What if I told you you could feed a family of 4 the freshest, organic ingredient meal, and it would cost you less than $1 per person?

One of the simplest ways to eat healthy organic food and not break the bank, in fact, SAVE money, is to simply grow your own food – even if it’s just a single garden pot.  I’m going to show you how I created a delicious organic garden frittata for less than $1 a person using a bunch of fresh, organic vegetables from the garden and the finest quality pastured, organic eggs.  A buck!  You can’t even get a fast food (aka dead food, aka fast “product”) hamburger on sale for that much.

This particular frittata I used what I had on hand…and what I mean by that is, you know that feeling when you open the fridge and it’s almost empty and you think “what am I going to eat”?  That was me.  I basically had some pastured eggs left so I had to get creative – what better way than popping out to the garden. 

This particular frittata is an ovo-vegetarian version, but in this post I also talk about a great way to make this using pastured bacon for my paleo-loving carnivores.  Let’s dig in..

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Fresh Garden Haul


  • 8 pastured, organic eggs
  • 1 small bunch of kale:  4 big leaves (I used each purple kale, green kale), chopped
  • 1 small bunch of rainbow chard – 4 big leaves, chopped
  • 1 small bunch of mixed herbs (sage, thyme, basil, dill, cilantro), chopped
  • 1 large green onion, chopped
  • 2 tbsp coconut oil  (you can also use ghee if you prefer, or combo of both)
  • Sea salt or pink salt and pepper to taste

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Heat your oven to 375 F and mise en place (prepare) your ingredients first and foremost–Chop your kale, chard, herbs and onion.  Crack your eggs in a bowl too.

Begin by sauteing the onion in a tablespoon of coconut oil on low-medium heat until they start to get translucent.  Once they’re cooked to your liking, turn the heat down to low and add your chopped chard and kale and let sizzle for about a minute (we don’t want to destroy it, but lightly saute).  Add another tablespoon of coconut oil.   Mix your eggs in a bowl and add to the pan.  Add about 3/4 of your chopped herbs.  Add your sea salt and pepper.  I like to take a fork and mix the egg around evenly.  From here, add a lid to your pan and place in your oven for 10 minutes (I usually check it around 8 minute mark).  Keep checking it thereafter until the egg on the top looks done.

Use a spatula around the edges of the pan and slice triangle pieces to serve.

Optional:  You can start the dish by cooking some pastured nitrate-free bacon, removing from pan when cooked to your liking, and cooking your onions in the bacon fat instead of coconut oil.  Follow same steps above from there, only chop your bacon up and add back to pan with the eggs before adding to oven.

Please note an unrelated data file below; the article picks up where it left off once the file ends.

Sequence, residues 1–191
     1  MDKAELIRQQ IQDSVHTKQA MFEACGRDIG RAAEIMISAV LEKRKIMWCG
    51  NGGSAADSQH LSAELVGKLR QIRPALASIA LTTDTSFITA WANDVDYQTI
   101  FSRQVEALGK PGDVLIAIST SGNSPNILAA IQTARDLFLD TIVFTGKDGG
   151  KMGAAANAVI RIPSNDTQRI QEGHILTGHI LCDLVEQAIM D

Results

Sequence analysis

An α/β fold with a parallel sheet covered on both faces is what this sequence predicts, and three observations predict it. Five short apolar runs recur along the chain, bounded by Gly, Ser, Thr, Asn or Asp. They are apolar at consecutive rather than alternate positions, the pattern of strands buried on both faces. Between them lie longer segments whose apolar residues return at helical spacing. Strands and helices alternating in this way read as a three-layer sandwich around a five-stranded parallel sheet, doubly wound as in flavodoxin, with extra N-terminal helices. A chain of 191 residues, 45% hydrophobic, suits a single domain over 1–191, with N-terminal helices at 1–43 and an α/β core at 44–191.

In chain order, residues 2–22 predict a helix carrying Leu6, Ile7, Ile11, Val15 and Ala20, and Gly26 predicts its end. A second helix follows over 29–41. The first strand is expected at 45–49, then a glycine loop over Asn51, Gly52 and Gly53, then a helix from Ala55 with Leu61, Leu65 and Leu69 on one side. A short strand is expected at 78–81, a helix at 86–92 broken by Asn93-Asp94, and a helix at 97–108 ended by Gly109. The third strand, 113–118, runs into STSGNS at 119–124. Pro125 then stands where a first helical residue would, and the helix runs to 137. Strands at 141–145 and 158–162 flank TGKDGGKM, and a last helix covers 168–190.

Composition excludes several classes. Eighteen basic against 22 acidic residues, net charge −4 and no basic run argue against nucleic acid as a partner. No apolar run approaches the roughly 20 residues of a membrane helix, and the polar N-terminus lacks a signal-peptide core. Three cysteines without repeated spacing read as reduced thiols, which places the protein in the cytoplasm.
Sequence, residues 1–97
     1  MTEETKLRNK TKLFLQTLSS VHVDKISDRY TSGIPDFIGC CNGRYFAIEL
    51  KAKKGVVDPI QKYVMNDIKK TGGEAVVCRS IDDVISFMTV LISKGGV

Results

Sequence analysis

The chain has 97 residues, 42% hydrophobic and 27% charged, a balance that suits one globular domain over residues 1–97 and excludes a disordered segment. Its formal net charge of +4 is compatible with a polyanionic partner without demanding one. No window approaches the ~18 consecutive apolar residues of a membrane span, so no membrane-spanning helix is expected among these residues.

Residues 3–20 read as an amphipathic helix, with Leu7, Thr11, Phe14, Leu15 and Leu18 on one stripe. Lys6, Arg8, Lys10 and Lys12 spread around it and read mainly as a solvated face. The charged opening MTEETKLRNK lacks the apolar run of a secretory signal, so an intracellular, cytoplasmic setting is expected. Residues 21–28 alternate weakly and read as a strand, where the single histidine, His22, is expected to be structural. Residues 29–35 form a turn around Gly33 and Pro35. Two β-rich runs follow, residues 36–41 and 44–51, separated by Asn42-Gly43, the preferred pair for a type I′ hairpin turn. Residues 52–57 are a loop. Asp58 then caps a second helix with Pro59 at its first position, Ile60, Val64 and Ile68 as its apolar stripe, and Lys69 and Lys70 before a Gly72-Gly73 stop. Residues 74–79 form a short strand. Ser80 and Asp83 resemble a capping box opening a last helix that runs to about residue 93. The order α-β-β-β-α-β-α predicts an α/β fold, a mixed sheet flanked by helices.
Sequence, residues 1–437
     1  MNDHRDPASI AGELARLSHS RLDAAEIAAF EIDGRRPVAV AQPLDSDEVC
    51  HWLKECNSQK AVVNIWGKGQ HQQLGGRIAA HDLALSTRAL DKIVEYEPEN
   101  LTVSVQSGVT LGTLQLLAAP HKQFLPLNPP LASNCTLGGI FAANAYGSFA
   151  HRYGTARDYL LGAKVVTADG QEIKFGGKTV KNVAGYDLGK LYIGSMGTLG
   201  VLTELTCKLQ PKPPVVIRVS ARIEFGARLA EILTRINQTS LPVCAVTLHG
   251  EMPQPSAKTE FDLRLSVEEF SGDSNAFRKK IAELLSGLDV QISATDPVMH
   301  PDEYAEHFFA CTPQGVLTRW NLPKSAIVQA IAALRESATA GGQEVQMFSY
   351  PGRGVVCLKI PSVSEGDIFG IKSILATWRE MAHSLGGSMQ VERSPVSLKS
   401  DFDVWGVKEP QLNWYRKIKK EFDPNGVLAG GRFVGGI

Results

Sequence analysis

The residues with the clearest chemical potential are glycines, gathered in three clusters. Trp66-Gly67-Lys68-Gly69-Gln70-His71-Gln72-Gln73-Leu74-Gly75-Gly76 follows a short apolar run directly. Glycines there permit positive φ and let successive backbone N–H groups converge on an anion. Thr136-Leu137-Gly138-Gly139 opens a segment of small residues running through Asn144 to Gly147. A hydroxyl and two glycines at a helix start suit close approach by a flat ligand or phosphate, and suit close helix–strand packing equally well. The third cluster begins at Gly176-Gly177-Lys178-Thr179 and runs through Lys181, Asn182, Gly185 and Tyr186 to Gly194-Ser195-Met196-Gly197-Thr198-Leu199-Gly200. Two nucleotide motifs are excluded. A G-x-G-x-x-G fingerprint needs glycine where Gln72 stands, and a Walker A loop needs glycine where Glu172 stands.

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I had some kalamata olives and I shaved one of the beets from the garden with a mandolin and came up with a relish for the top (remember, empty fridge, had to improvise).  This relish is optional of course and would have been really good with some avocado mixed with it.  I simply mixed all in a bowl with my left over herbs, sliced olive and beets to make the relish pictured above.   If you don’t want to do that, when your frittata is done sprinkle entire frittata with your left over herbs.  This is also great served with some avocado slices on top.

Serves:  4 big quadrant pieces

Total Cost:  of the main ingredients, 8 eggs (about $3 worth of pastured eggs).  The kale, chard, and herbs all came from the garden.  Coconut oil, salt & pepper I’m not counting since minimal use.

Total Cost Per Person:  Less than $1.  Even if you added the optional avocado and bacon to this dish, we’re probably hovering around $1.50 per person.

Although you can really put what you want in a frittata, the main message for this post is that growing your own food can be fun, give you pride of ownership, can be the freshest ingredients possible (true FAST FOOD when coming straight from garden to table), and can save you a lot of money.  Don’t have a garden yet?  Limited on space?  Start small.  I came up with the 1-1-1 rule:  1 pot, 1 bag of organic soil, 1 packet of seeds (or organic plants from your local nursery).  Plant what you would use the most and fits your lifestyle.

If you were to buy all of the organic ingredients in this meal it would obviously cost you a lot more than about $1 a person, and if you were to take your family to a restaurant and order four dishes it would cost you considerably more.  To feed your family the highest quality organic, home cooked food for less than a $1 each, really exposes the misnomer that organic food costs more that conventional food.  

Buon Appetito!

What are some tips you like to use for saving money in the kitchen?

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